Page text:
Editor’s Note

Because I  don’t want to embarrass him, I’m not going to use the photo here even though I love it. It’s a cell phone snap of my only child, at about age 7, in the shallow end of the Mt. Lebanon pool, before its most recent renovation. I took it from one of the white plastic lounge chairs closest to the water slide, maybe 20 feet away from the water’s edge. All you can see is his head, bobbing just above the water’s surface, with big blue plastic goggles over his eyes. He’s got a goofy half-grin and his fudge-brown hair is all rolling down the side of his head like lava.

He wants to be in the water, but he’s also watching me, to make sure Mom’s watching him do the latest water trick. He probably just did one of those kid pool stunts, like an underwater handstand or somersault or something. I don’t remember. But he looks happy and it still makes me happy to see this picture.

Some of his most memorable times have been spent in Mt. Lebanon parks and recreation programs: Learn-to-skate in the ice rink, “amoeba-ball” as we called kindergarten soccer, seemingly always in the mud, spinning on Martha’s Playground, pondering owl pellets at School in the Park in Bird Park during third grade, his waterlogged, pruney white fingers coated in sunscreen, grabbing chicken nuggets at the pool snack bar and the whole family watching the July Fourth concert in the park on Grandpa’s gray wool Army blanket.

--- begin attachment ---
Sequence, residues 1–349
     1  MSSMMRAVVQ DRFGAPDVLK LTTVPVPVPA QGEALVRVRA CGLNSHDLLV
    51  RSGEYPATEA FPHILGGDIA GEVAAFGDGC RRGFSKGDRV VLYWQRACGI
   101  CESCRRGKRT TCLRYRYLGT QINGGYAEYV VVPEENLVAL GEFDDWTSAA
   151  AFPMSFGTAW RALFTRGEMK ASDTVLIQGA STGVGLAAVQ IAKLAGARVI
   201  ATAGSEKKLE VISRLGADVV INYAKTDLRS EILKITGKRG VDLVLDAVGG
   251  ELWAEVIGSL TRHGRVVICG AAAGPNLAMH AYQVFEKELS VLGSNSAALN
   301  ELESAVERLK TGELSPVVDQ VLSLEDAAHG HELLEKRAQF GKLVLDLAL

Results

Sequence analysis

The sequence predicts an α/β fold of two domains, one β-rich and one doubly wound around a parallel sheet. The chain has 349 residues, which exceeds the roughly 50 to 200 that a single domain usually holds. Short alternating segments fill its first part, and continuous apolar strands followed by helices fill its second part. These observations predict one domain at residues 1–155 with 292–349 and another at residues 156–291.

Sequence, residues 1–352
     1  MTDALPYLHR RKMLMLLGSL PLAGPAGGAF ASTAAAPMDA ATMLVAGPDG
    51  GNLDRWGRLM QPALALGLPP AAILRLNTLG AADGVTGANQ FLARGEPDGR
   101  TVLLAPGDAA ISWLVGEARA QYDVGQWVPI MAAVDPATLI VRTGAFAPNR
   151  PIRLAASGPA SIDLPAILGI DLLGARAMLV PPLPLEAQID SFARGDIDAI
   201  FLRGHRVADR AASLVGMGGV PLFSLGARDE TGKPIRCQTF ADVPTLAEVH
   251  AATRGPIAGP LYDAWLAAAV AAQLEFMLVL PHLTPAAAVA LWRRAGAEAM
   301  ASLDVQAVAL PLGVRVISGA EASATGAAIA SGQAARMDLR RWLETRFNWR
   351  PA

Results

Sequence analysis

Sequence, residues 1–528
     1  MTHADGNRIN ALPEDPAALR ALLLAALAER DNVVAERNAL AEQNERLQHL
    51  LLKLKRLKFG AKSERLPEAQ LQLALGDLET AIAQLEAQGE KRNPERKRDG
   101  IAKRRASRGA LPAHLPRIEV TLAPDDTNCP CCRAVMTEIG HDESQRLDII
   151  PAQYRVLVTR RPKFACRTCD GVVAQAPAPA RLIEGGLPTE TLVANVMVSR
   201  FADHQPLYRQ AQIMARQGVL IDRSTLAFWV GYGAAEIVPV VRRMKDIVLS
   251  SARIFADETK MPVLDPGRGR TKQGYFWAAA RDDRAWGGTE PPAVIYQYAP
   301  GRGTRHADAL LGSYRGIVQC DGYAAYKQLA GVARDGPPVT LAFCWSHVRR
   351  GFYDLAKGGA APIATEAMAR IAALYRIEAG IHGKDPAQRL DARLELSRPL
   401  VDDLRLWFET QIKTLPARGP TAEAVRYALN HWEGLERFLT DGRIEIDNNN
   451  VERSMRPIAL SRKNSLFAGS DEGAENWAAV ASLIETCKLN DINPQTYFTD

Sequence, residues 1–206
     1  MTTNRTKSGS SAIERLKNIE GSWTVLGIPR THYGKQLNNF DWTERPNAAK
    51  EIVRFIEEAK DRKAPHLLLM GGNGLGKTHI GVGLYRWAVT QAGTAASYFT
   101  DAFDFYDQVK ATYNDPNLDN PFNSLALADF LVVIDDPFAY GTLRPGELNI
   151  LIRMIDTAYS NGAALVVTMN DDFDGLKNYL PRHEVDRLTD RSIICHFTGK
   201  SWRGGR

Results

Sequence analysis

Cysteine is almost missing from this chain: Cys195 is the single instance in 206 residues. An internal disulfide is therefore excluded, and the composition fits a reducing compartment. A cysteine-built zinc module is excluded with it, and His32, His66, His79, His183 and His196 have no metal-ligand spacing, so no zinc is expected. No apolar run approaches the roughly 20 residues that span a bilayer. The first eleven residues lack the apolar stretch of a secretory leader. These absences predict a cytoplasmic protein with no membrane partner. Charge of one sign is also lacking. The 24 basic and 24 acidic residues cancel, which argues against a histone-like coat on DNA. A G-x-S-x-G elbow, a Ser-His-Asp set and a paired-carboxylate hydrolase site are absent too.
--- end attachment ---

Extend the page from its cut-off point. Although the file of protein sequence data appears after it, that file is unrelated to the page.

To make sure future generations have unlimited opportunities for perfect memories, Mt. Lebanon recently completed a parks master plan update and recreation center feasibility study. Thousands of you weighed in with your opinions, and staff and consultants from Environmental Planning and Design completed the report, which the Commission accepted in April. Merle Jantz lays out all the possibilities for the future. 

This is a great time of year to get out into Mt. Lebanon’s parks. Take a bottle of water, a camera or notebook, or take nothing but your senses. Here’s a list to get you started. 

My baby is 21 now, off working at summer camp after his first few years at college. I don’t get to see him much these days, and he wouldn’t be caught dead at any pool with his parents, but sometimes, when we’re out in public, I do catch him looking back at me again, with a half-smile, as if to say “Look, Mom!”

Photo by Jacqueline Radin